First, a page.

As the winter feeding period approaches, thoughts of my feeding program come to mind.
For me, each forage has a value. I usually value forage with primary emphasis on its nutrient content.
With all of the rain this year some forages may have reached maturity or it may have been damaged by the wet conditions.
Nutrient content. To place a value on two different grass hay sources I am considering, I need to know the nutrient content of each.
A forage analysis can provide me with the information I need to make a good decision on my purchase and feeding of this hay.
Consider these two sources of hay for example (see chart).
Which hay source is worth more?
Pricing. The three major nutrients provided allow us to put a price on these hay samples.
Hay sample No. 1 is worth approximately $126.80 per ton and Sample 2 is worth $71.20 per ton, based on our local prices for these nutrients.
I would also consider some other factors, such as neutral detergent fiber and micro-mineral content before making my final decision on these hay sources.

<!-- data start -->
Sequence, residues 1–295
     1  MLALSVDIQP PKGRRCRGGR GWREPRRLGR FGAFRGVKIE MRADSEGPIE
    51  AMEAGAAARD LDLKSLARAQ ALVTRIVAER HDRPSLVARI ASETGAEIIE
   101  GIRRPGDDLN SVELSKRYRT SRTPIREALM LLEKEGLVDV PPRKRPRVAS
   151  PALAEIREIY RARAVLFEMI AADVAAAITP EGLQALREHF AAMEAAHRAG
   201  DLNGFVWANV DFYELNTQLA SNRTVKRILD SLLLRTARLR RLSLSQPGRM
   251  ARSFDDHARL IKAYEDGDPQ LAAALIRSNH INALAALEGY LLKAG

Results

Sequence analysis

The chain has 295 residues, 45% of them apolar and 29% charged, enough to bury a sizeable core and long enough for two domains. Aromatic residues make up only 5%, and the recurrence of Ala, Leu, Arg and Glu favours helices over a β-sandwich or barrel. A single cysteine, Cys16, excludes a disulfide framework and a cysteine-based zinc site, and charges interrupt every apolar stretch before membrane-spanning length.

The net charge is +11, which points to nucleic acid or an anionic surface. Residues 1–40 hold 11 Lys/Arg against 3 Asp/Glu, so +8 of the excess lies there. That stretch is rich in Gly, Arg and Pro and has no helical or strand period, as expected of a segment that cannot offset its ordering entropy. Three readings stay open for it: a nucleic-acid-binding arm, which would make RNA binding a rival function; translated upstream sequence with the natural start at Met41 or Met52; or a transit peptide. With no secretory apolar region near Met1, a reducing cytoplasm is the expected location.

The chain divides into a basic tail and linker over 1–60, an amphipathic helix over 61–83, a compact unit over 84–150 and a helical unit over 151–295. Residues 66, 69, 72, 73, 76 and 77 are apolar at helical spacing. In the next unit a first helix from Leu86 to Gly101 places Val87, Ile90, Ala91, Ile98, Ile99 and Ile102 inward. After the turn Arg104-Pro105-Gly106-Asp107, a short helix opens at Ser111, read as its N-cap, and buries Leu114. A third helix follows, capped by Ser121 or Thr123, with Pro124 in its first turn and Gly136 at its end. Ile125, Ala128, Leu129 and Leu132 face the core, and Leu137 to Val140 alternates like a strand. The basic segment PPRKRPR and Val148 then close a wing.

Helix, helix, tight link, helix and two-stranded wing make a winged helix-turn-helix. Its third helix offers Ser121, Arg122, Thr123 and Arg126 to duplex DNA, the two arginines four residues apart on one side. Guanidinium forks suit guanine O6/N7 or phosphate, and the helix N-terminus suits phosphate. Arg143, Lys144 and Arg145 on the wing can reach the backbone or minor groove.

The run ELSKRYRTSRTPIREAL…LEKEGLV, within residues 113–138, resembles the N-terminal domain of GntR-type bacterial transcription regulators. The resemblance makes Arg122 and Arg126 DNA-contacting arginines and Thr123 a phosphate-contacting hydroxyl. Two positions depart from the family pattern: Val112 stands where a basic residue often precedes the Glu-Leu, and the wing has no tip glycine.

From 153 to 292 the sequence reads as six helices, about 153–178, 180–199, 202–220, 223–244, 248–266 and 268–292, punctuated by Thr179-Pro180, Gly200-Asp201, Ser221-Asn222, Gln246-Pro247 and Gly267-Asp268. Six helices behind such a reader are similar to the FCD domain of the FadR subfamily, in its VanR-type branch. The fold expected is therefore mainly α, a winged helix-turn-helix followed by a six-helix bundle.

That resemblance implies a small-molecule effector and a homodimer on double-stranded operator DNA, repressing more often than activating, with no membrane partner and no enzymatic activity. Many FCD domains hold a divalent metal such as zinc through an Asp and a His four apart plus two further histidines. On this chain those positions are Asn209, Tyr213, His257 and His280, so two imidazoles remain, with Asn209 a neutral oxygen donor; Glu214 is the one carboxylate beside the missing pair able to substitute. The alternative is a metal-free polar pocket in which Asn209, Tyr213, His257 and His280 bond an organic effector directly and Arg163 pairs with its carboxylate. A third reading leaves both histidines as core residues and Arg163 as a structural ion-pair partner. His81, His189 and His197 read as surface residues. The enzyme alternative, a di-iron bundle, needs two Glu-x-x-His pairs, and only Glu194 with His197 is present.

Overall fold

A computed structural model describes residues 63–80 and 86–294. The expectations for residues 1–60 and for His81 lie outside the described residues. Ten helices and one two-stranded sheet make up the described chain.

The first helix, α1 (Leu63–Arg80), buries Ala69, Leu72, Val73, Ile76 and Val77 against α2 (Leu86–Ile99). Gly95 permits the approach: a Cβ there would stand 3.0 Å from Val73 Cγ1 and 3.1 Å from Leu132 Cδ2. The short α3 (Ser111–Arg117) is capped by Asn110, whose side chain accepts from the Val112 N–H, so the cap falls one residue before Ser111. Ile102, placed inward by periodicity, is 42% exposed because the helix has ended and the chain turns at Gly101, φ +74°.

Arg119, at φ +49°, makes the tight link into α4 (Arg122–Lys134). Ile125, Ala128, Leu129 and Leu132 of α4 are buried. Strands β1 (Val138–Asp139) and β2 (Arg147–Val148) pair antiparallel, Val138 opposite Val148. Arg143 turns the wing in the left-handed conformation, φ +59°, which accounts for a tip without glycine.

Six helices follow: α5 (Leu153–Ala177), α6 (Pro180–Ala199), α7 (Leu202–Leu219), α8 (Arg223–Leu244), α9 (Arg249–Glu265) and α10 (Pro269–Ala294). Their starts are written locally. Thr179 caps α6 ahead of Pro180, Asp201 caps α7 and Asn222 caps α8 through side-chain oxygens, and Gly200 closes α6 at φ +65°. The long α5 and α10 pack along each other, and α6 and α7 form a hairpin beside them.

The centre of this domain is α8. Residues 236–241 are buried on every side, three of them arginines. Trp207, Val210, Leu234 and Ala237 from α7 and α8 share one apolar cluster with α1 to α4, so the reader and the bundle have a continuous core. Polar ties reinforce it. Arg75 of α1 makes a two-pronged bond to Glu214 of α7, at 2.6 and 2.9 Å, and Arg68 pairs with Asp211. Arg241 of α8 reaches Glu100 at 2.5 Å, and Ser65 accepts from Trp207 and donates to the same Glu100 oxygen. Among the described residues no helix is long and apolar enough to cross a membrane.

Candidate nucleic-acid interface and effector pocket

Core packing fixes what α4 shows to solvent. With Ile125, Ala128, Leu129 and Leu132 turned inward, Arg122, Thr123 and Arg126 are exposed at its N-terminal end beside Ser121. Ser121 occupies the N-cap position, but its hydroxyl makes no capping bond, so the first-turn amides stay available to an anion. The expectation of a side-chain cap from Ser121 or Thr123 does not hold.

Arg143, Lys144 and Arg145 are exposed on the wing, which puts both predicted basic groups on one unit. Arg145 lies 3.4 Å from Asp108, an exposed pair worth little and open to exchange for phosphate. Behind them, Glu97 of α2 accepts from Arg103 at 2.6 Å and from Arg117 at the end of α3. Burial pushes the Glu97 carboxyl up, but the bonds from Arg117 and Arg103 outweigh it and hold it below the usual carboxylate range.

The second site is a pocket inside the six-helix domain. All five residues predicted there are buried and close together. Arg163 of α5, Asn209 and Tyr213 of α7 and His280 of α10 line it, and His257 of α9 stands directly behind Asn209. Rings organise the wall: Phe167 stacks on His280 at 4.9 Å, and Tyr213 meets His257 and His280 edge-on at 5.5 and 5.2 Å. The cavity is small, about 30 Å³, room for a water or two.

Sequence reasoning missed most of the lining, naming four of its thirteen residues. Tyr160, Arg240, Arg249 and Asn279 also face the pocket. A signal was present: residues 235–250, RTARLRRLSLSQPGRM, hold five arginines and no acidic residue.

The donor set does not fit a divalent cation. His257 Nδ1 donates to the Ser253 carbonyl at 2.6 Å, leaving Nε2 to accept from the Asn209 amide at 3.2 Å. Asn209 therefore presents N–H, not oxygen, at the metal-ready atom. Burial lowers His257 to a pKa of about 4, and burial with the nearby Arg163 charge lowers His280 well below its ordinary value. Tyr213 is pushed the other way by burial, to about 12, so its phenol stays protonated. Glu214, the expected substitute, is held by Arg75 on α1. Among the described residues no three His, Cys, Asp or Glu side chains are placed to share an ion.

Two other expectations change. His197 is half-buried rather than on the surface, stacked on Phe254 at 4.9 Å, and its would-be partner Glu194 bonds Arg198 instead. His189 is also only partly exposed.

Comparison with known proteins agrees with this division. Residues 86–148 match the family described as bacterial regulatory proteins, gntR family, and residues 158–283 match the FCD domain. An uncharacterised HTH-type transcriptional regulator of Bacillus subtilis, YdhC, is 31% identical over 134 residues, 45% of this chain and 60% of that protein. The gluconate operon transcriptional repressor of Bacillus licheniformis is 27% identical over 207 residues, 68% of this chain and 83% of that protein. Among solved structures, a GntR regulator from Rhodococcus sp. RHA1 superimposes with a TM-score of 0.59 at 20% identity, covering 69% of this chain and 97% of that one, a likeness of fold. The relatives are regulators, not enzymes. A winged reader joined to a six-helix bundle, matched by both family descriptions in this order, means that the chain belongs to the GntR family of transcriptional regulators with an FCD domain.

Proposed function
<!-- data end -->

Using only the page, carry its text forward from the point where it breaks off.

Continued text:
Variables. As you can see, hay can vary considerably in nutrient content digestibility and value.
To properly sample your forage, pick up a copy of OSU Extension Fact Sheet ANR-2-98 and Fact Sheet AS-1-99 at your local extension office.
(The author is an OSU Extension Agriculture and Natural Resources educator in Guernsey County. Questions or comments can be sent in care of Farm and Dairy, P.O. Box 38, Salem OH 44460.)
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All values in percentages.
Sample Dry matter content Crude protein Acid detergent fiber Calcium Phosphorus
Grass hay 1 90 18.4 31 .58 .59
Grass hay 2 90 8.4 45 .26 .30
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